Fun Cassowary Facts For Kids

Divya Raghav
May 09, 2023 By Divya Raghav
Originally Published on Aug 05, 2021
Edited by Isobel Murphy
One of the best cassowary facts is that it is the second heaviest bird found in the forests of Australia.

The cassowary is a ratite native bird of the tropical rain forests of northeast Australia, New Guinea, and the Maluku Islands. There are three cassowary species, namely the northern cassowary (single wattled cassowary), southern cassowaries (double waddle cassowary), and the dwarf cassowary.

They are birds that cannot fly but can run very fast despite their weight. They have a black body with feathers and a blue-colored face with red flaps of skin hanging from their neck that look a little like a red tie, and a hollow casque on their head, which helps protect the skull.

They are known to be dangerous birds because they cannot control their anger and can suddenly get very aggressive. They are not friendly, don't like humans, and will always remain cautious of us.

Sometimes they attack humans and they can injure us badly with the sharp talons on their innermost toes and their sudden slashing blows. They are solitary animals, which means they don't like company and live alone in their limited territories.

They only come together when it is mating season and after the females lay eggs, they leave these eggs with the males. Males sit on the eggs until they hatch and then they take care of the chick for nine months until the chick becomes capable of taking care of himself.

At this point, they go their separate ways. This is the usual life cycle of the female and male southern cassowary.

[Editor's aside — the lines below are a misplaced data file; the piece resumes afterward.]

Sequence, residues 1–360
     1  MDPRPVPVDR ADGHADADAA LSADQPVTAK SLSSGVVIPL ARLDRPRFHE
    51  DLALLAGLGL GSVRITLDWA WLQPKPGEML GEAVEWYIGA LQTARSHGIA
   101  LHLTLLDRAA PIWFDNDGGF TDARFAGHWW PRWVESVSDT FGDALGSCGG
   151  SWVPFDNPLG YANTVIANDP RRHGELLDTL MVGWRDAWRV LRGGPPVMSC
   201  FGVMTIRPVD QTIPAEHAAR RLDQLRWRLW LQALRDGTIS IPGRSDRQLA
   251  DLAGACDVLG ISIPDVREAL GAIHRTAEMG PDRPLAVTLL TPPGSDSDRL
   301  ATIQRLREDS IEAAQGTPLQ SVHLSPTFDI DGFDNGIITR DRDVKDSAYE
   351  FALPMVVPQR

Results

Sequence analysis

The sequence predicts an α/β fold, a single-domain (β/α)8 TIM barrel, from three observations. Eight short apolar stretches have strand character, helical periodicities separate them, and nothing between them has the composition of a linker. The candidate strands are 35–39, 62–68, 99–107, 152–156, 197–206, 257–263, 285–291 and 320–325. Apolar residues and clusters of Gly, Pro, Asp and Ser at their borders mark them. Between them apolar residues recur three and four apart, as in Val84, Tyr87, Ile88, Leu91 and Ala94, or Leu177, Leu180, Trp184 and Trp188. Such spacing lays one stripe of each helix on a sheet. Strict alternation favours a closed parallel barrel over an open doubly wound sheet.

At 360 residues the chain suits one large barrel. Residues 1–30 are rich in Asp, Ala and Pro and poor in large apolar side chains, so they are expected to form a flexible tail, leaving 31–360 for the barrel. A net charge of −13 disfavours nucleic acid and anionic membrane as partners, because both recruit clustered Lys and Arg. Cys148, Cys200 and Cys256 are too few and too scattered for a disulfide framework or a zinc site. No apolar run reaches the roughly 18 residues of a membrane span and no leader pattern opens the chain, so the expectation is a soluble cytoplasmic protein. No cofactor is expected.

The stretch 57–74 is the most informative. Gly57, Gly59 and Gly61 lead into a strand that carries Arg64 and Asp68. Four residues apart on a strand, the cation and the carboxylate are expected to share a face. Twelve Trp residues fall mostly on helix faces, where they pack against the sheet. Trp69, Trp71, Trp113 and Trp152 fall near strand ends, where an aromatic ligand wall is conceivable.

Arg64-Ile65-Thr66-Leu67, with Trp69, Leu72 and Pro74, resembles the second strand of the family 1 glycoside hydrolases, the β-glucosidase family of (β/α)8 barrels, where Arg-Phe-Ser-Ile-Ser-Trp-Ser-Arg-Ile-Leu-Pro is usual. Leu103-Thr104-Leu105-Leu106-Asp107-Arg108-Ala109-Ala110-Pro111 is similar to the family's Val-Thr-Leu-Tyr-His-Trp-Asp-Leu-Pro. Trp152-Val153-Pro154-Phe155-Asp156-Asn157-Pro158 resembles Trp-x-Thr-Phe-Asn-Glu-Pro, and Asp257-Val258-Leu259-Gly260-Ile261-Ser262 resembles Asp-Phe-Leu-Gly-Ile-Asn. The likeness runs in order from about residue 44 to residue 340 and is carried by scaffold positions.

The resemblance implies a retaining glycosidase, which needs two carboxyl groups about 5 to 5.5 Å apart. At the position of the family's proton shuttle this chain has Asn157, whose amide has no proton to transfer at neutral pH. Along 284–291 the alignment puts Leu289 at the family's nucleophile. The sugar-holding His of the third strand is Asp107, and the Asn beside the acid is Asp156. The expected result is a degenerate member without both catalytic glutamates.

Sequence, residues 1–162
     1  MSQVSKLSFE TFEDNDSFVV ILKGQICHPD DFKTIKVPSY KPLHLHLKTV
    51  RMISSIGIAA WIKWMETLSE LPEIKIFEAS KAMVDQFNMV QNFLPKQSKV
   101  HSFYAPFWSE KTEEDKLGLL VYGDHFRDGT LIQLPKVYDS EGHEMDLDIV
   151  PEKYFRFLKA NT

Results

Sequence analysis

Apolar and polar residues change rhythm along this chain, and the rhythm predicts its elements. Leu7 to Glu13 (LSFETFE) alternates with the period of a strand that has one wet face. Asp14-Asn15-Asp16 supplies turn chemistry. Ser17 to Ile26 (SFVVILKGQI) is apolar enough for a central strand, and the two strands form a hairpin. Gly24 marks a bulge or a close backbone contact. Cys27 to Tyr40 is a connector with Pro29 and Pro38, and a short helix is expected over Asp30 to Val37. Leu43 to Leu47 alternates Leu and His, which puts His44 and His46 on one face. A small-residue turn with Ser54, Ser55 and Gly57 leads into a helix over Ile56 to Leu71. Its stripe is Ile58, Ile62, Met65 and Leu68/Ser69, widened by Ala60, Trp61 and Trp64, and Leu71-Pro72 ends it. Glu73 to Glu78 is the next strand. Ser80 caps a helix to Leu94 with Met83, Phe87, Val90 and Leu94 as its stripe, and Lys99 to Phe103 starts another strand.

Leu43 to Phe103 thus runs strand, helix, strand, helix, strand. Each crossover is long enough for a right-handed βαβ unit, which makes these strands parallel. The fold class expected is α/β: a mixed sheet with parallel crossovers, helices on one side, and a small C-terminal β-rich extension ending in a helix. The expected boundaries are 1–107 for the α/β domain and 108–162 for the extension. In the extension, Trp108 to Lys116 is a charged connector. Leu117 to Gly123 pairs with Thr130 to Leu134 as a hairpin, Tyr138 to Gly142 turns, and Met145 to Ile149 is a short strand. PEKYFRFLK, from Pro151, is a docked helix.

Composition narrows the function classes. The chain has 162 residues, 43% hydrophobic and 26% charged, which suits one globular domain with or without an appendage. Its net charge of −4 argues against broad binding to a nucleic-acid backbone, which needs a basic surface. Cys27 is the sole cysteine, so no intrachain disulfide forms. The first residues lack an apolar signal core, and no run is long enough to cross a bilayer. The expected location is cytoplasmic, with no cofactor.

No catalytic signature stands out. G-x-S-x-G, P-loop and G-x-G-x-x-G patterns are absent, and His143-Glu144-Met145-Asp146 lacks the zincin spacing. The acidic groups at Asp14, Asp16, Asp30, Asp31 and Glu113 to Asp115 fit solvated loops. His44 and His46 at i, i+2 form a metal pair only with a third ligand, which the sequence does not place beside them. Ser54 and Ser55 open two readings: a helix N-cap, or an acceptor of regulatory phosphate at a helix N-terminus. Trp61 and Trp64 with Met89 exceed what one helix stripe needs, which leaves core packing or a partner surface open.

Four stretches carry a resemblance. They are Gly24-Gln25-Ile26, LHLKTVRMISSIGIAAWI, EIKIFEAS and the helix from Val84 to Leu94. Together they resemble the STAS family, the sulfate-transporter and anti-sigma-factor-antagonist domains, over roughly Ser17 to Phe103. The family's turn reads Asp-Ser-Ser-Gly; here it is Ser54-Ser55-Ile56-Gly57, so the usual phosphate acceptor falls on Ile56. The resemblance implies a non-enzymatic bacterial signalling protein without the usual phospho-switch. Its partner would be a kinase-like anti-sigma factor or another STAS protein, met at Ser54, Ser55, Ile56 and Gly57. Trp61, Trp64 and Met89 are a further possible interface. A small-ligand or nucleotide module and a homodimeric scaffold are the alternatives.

Here are some amazing cassowary interesting facts that you might enjoy. If you like these facts then do read our guide to the southern cassowary and the crowned eagle too.

Cassowary Interesting Facts

What type of animal is a cassowary?

The cassowary is an unusually large and flightless bird. They are the only members of the family Casuariidae that belongs to the order Casuariiformes, this family also includes emu birds and ostrich birds.

What class of animal does a cassowary belong to?

Cassowaries are birds that belong to the class of Aves.

How many cassowaries are there in the world?

There are three species of cassowary birds in the world. They have a conservation status of Endangered, and there are estimated to be between 2,500 to 9,999 cassowaries left in this world.

Where does a cassowary live?

Cassowaries are a unique bird that is found in tropical rainforests in North Queensland in Australia. They are also found in melaleuca swamps and mangrove forests and can also be found foraging along beaches of the nearby islands of New Guinea.

What is a cassowary's habitat?

The cassowary is a rare bird that is found in only a few specific habitats in this world. Only a handful of these birds are left and they are only found near beaches and tropical rainforests in Australia.

They like to remain in the same territory for most of their lives and they like to live alone, except during courtship when female cassowary birds mate with male cassowary birds.

Who do cassowaries live with?

Cassowaries are solitary animals, they prefer to live alone within their territories. They make a home range and once they establish that, they move regularly through that range. Cassowaries come together when they want to mate, for egg-laying, or sometimes around ample food supplies, otherwise they live alone throughout their lives.